At full throttle a 5hp electric outboard can drain its battery supply in an hour or less, although it will last six times that long with more moderate use. Two European companies are attacking this problem with a vengeance. One is Torqeedo, a German firm established in 2005 that began distributing in the U.S. in 2006. With offices in Crystal Lake, Illinois, their products are distributed both through retail outlets like Cabela’s and West Marine as well as with boat manufacturers, mostly of the pontoon and deck boat variety. Their electric outboards range from tiny (think kayaks and sailboat dinghies) to the more powerful 48V cruise model, which they compare to a 9.9hp gas engine in total thrust, and sells for about $3,700. In addition to sporting some fancy electronics that detail power usage, speed, and predicted range of operation, it can also be paired with the company’s new lithium-manganese batteries. “Our new lithium-manganese is a 25.9 volt battery and 104 amp hours and weighs 45 pounds,” says Steve Trkla, president for North America operations. “If you were to base it on dollars per watt/hour it equates to about three typical 105 amp hour AGM (Absorbed Glass Matt) batteries.” The latter typically weigh 70 pounds each, translating into the same power at nearly one-fifth the heft. And, in addition to the tremendous weight savings, the lithium-manganese technology does a better job of holding a charge in storage and tolerating higher temperatures.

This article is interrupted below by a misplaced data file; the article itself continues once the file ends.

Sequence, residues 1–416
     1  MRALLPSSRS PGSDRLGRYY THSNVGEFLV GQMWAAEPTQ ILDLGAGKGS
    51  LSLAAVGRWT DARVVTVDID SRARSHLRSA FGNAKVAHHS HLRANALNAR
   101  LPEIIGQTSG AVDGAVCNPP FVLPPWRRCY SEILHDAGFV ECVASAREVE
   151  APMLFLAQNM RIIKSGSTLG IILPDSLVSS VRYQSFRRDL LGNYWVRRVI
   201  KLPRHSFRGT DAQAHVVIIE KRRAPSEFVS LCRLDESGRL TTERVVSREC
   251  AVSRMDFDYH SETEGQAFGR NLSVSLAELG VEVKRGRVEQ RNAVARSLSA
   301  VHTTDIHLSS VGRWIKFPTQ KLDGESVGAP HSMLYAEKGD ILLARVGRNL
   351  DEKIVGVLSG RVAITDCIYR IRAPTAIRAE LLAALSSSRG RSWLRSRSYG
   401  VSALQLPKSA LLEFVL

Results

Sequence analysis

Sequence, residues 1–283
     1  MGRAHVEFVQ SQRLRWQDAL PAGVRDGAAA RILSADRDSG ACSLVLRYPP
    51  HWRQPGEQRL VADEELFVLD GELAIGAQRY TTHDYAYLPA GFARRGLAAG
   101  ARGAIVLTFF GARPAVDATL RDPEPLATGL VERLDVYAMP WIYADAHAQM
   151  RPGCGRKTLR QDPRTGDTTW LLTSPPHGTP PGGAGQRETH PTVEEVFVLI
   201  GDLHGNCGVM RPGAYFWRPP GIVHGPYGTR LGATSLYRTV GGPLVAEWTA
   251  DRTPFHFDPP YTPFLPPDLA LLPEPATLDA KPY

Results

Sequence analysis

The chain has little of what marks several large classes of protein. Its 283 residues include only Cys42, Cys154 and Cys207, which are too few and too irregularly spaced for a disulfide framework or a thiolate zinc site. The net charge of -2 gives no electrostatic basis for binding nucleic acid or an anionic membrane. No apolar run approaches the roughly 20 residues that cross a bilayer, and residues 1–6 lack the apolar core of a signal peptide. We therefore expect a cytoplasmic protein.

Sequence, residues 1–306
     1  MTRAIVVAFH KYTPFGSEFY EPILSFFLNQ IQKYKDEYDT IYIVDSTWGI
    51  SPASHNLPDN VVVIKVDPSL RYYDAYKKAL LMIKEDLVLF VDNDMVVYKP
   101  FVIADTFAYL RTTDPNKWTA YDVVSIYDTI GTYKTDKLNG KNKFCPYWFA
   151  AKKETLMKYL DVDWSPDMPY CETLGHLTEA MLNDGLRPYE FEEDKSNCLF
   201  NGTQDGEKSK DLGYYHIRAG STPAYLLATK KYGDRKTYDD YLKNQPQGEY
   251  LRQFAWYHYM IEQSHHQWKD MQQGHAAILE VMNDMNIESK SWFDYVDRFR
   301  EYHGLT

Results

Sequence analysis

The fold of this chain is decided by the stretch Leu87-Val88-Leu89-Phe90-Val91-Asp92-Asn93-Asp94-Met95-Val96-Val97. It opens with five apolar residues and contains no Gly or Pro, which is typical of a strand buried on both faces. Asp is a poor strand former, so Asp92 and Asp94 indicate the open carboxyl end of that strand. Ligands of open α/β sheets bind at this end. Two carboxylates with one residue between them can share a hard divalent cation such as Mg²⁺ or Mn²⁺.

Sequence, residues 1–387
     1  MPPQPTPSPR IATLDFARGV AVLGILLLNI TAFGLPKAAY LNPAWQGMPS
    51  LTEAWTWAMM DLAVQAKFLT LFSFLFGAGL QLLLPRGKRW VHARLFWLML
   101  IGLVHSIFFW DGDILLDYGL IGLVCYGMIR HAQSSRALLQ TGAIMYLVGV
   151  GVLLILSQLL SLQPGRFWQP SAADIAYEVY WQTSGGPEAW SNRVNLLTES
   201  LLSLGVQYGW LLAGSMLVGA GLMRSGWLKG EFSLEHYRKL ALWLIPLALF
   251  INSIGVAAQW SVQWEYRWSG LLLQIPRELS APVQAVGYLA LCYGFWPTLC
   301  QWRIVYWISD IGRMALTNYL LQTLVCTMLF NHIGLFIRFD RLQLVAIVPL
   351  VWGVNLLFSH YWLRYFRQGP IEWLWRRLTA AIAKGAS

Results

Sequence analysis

This advance has the company hopeful of big strides in the near future. “One of the things you’ll see from us next year,” says Trkla, “is using our Cruise motors in tandem configurations, which will allow us to plane some light skiffs and fishing boats and [effectively] move large pontoon boats.” Torqeedo’s Austrian neighbor, AquaWatt is pursuing a similar track. Makers of both inboard and outboard electric technologies, their 13kw/18hp outboard is capable of pulling a skier behind a small 13-foot RIB at a speed of about 21 knots. For proof, consumers need only to log onto the company’s website for a look at the video. Such power is possible because of lightweight lithium polymer batteries, but run time is still limited. A 110-lb payload will keep the RIB at full speed for only about 30 minutes. Double the battery capacity (and weight) and run time goes to just over an hour. Where does the future lie? From his vantage point in Cape Coral, Morton Ray says the next significant revolution for electric outboards will come when we can generate electricity onboard. “I think it’s going to take hydrogen fuel,” he says. “Producing your power onboard and not having to store it. That’s the key.” Until then, gains in battery and motor technologies are making electric boating more accessible and more practical. Whether motivated by an eco-minded conscience or by gasoline use restrictions, the modern boater can do more than ever with a few watts of power. Next year, Ray Electric will begin offering potential customers free rides in their new line of boats built specifically for its outboard. Included is a 23-foot center console fishing boat with a highly-efficient displacement hull. It will cruise at 6mph for eight to 12 hours. That’s a lot of time to fish. Better wear your Crocs.